penalty allowed Brentwood to saunter through a lackadaisical home 
defence for an unconverted tr\-. Reco\ering from this early set-back, 
the pack began to contain Brentwood in the line-out. and control most 
of the set and loose scrums. From a swift strike by TunniclifTe Briggs 
fed McDonald, who moved past the scrum on the open side, before 
handing on to Stelck. for liim to score near the corner. Meeker con- 
\erted with an impressive kick, and the School changed ends enjoying 
a slender two-point lead. During the second half Brentwood pressed 
strongly and, with only two minutes left, regained the lead through a 
penalty, rapidly followed by a drop goal. The chance of victory seemed 
to have eluded the School again, but the home pack had other ideas. 
Continuing to win good possession, and pinning Brentwood deep in 
their own half, Singleton fastened on to a loose ball, and fed Mc- 
Donald, who burst through to score. Minutes later Reeves moved 
smartly to the blind side, timing his pass beautifully, to send in Mc- 
Donald unopposed for his second try. A five point lead would appear 
to have clinched the game, but Brentwood found time to dispossess 
Reeves, and work the ball to their wing for him to score a last-minute 
trv\ Hinson was left with the unen\iable task of trying to sa\e the 
game, but his conversion kick flew wide, giving the School its first 
victory since 1965. 

Neither match against St. George's produced the high standard of 
football witnessed in the Brent\vood game. Both teams were guilty of 
an abundance of basic errors, and the spirited St. George's defence 
never allo\\'ed the School back division to achie\e their rhythm. Only 
in the last quarter of each match did the school pack dominate; dur- 
ing this time both Dade and Reeves were given sufficient latitude to 
take full advantage of defensive errors and turn them into tries. 

Any hope of repeating the heady triumph over Brentwood \\as 
obliterated in the opening phases of the return match, when the school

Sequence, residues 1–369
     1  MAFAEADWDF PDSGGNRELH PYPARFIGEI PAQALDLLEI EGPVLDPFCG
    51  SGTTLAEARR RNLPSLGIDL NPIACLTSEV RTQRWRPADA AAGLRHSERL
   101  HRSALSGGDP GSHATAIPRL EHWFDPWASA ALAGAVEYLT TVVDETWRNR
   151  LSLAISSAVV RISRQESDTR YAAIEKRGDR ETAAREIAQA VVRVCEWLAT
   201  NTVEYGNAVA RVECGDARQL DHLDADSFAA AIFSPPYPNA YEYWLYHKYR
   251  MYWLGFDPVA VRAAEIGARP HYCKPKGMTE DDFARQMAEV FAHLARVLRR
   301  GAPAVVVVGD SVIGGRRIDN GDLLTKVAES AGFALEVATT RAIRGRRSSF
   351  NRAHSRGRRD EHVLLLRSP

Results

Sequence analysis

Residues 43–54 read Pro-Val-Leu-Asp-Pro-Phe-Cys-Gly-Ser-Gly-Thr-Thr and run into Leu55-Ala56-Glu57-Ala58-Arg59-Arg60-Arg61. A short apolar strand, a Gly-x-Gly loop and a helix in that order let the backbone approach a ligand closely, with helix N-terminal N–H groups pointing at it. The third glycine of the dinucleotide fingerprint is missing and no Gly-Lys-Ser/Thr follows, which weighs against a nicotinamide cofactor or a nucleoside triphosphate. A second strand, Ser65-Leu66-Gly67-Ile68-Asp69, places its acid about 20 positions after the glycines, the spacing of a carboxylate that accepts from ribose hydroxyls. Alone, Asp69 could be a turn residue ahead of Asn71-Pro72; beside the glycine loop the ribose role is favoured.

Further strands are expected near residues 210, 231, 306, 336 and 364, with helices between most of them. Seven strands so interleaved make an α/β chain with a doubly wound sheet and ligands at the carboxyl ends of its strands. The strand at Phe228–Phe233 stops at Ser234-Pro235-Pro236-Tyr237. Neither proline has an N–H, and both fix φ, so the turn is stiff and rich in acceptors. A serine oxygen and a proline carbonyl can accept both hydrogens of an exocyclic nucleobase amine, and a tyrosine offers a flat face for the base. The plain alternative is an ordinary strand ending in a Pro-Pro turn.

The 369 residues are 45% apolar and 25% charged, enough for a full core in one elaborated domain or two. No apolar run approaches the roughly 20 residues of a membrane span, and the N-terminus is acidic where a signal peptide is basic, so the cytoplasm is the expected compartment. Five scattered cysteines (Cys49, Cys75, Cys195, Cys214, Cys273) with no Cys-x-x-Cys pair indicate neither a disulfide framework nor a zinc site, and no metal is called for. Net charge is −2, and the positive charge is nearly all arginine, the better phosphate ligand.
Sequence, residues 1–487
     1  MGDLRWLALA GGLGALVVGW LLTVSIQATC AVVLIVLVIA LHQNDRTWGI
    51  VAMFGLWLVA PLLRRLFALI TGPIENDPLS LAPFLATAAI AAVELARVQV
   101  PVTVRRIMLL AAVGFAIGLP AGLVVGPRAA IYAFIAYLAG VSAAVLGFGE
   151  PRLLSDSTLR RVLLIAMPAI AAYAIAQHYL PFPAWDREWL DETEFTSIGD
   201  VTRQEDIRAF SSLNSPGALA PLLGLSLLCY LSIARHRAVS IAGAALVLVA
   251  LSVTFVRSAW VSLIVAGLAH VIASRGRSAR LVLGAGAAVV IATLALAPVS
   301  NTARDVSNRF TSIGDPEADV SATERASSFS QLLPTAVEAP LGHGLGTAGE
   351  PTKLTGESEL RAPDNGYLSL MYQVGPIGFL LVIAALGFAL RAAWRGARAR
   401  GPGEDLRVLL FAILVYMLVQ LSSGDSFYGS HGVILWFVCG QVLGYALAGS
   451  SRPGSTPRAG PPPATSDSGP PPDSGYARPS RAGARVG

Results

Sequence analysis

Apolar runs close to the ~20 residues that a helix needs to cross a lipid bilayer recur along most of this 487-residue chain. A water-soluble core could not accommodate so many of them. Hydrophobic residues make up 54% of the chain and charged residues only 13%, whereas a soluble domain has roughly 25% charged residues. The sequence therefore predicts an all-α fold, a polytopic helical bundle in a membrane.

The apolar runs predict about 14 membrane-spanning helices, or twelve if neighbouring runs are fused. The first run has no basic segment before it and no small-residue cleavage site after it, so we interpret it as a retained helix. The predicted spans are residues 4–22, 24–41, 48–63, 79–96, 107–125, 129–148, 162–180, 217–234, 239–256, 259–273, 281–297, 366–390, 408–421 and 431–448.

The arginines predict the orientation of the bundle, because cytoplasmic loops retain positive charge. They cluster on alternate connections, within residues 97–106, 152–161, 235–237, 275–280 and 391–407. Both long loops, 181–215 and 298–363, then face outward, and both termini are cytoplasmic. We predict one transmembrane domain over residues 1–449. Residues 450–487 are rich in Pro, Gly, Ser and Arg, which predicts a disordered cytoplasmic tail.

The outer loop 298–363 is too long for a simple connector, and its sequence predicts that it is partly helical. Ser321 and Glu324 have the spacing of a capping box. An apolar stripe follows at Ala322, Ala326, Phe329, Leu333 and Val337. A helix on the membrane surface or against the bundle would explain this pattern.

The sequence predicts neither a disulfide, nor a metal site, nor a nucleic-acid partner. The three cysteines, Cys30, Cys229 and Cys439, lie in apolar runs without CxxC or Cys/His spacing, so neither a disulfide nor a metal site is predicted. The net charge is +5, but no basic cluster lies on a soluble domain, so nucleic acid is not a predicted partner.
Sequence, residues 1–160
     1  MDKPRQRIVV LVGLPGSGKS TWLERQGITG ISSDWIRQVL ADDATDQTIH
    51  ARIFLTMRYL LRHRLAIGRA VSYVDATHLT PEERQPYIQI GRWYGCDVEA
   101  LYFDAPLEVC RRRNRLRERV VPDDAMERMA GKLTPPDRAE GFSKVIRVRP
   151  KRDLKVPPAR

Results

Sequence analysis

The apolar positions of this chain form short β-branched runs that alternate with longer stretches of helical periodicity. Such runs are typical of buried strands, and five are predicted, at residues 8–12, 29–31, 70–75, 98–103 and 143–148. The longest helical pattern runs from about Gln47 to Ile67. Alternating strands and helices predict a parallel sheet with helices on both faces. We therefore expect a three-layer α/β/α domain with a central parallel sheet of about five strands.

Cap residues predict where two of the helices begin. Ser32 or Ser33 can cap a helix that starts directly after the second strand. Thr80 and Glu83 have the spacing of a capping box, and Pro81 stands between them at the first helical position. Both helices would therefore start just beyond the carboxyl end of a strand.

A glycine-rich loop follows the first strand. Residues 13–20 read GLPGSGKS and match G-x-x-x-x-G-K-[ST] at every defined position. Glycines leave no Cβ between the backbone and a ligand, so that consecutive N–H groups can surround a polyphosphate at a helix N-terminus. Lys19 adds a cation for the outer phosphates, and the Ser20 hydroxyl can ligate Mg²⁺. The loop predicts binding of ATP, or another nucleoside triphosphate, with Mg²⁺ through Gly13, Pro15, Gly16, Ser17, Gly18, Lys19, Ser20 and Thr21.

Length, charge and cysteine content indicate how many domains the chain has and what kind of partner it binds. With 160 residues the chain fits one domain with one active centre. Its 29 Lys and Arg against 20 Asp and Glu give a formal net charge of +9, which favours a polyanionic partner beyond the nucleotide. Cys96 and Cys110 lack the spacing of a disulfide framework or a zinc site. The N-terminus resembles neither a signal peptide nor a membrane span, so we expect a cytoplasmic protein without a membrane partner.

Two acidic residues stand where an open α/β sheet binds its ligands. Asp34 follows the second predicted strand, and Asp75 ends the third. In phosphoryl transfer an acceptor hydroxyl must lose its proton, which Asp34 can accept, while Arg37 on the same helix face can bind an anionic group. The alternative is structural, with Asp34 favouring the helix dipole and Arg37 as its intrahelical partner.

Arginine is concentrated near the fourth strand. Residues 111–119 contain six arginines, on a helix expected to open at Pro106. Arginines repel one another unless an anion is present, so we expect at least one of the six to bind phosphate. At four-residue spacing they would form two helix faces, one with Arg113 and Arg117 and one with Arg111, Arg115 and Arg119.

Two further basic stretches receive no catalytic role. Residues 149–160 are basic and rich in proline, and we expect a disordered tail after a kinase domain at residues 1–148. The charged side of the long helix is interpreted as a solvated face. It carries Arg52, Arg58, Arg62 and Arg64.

team was comprehensi\ely outplayed in ever)- aspect of the game. The 
home side, taking every advantage of the school's brittle defence, scored 
sixteen points in as many minutes. Fortunately Brentwood eased their 
effort and a possible cricket score was averted. Just before half time 
Reeves reduced the lead with a simple penalty goal. Perhaps the ad- 
monitions to his team by the injured Meeker had some connection with 
the transfonnation of the pack on the resumption of play. Showing far 
more determination they began to get the better of the fiery exchanges 
in the loose, and from this possession Ree\es and Singleton began to 
exploit gaps in the hitherto-sealed Brentwood defence. Two tries 
brought the school within striking distance of their opponents' total. 
but twice in the closing stages superb covering tackles brought down 
McDonald in full flight, and at the final whistle the school was still 
trailing by five points. 

A high wind prexented either side from achie\ing any fluency in 
the second fixture with Shawnigan. Soon after the start Dade and 


Smith left each other to clear a loose ball near their line, then watched 
mesmerised as an alert Shawnigan back nipped between them to score 
between the posts. At the end of the half, played down-wind, the 
school had only a single try to show for much hard endeavour by the 
forwards. After the interval the defence became increasingly casual. 
Twice the Shawnigan fly half carved huge openings through the cover, 
each break resulting in a try. After Dykes had been injured, Shawni- 
gan increased their lead to thirteen points before the school's most dis- 
appointing performance was brought to a close. 


During the Easter term a further four matches were played; two 
against Royal Roads, one against Claremont and a third fixture against 
Shawnigan. Claremont, the local champions, were beaten for the second